Tax Structure of Master Limited Partnerships – How it Can Benefit MLP Unit-Holders

A master limited partnership (MLP) is a unique investment that combines the tax advantage of a limited partnership with the liquidity of a publicly traded stock, allowing stockholders quickly to buy or sell their stocks. MLPs issue investment units that are traded on a security exchange exactly like shares of any other stock. To qualify as a MLP, a company must generate at least 90% of its income from operations in the real estate, financial services, or natural resources sectors.

The major reason for a company to go into a business structured as a MLP is the tax avoidance. Unlike corporations, master limited partnerships are not subject to double taxation (paying taxes at both corporate and personal levels). The owners of the partnership are taxed only once on their individual portions of the MLP’s income, gains, losses and deductions. On quarterly basis, MLPs make distributions that are similar to dividends to its unit-holders. Unlike dividends, these distributions are not taxed when they are received because they are considered return of principal. That results in higher yield, because the money that would have been paid for income taxes are distributed to investors. Furthermore, the tax law allows companies to amortize or depreciate money that is invested in an asset. MLPs allow those deductions to pass through to the unit-holder, who pays no taxes until decides to sell the investment. At the selling point, the investor has to pay taxes over the realized capital gains (the difference between the sales price and the initial cost). The capital gains are taxed at a lower tax rate and the unit-holders end up paying less overall in taxes than they would if it were considered interest instead.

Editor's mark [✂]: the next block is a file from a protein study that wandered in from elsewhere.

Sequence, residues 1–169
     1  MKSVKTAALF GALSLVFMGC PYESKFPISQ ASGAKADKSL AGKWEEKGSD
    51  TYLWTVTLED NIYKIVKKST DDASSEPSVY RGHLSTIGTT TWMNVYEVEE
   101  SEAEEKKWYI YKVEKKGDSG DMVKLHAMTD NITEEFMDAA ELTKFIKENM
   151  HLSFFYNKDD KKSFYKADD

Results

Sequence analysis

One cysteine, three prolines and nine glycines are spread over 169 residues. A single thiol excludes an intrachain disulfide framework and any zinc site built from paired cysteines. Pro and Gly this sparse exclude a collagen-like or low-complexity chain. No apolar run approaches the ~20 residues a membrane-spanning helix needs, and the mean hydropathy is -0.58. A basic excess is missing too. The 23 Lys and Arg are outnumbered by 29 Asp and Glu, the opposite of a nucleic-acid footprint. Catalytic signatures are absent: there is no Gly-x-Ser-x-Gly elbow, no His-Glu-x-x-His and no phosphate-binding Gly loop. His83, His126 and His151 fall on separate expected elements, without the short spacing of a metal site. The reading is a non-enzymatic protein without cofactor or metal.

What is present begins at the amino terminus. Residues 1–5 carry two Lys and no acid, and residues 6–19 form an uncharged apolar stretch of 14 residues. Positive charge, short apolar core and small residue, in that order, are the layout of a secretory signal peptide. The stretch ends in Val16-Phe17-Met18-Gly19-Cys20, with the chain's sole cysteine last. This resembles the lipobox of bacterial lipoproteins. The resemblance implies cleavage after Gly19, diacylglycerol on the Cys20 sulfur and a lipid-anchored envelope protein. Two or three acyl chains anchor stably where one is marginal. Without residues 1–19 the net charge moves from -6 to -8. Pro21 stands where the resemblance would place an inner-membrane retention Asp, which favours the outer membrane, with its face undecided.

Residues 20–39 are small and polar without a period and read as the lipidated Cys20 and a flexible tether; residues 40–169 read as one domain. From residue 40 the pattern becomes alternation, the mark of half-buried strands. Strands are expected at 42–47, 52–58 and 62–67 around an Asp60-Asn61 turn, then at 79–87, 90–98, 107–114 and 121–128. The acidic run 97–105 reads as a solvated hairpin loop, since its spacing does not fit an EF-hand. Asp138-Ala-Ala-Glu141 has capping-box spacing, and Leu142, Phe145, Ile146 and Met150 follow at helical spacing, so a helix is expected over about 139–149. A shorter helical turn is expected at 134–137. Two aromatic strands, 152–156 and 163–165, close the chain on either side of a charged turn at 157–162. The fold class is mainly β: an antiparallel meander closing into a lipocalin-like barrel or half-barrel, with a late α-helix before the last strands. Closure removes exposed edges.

MLPs contain two business entities: general partners and limited partners. General partners manage the day-to-day operations of the MLP, while limited partners have no involvement in the company’s operation activities but investing capital and obtaining periodic cash distributions in return. Generally, the general partners receive 2% of the whole partnership pie and they have the right to own limited-partner units to increase its ownership percentage. A distinguishing characteristic of MLP is the incentive distributions rights (IDRs). Considering the fact that company performance is measured by the cash distributions to the limited partners, IDRs provide the general partners with a performance- based pay for successfully managing the master limited partnership. The IDRs are structured in such way that for each incremental dollar in cash distribution, the general partners receive higher marginal IDR payments, which can increase the initial 2% distributable cash to higher levels such as 15%, 25% up to 50%.

The fact that master limited partnerships pay no federal and state income tax means that more cash is available for distributions. This makes MLP units worth much more than similar shares of corporation. The value of MLP’s units is determined by the distributable cash flow. Therefore, the majority of MLPs operate in very stable, slow-growing sectors of the energy industry, such as pipelines and storage terminals. These assets produce steady cash flows with little variations that allow the MLP to meet its cash distribution requirements.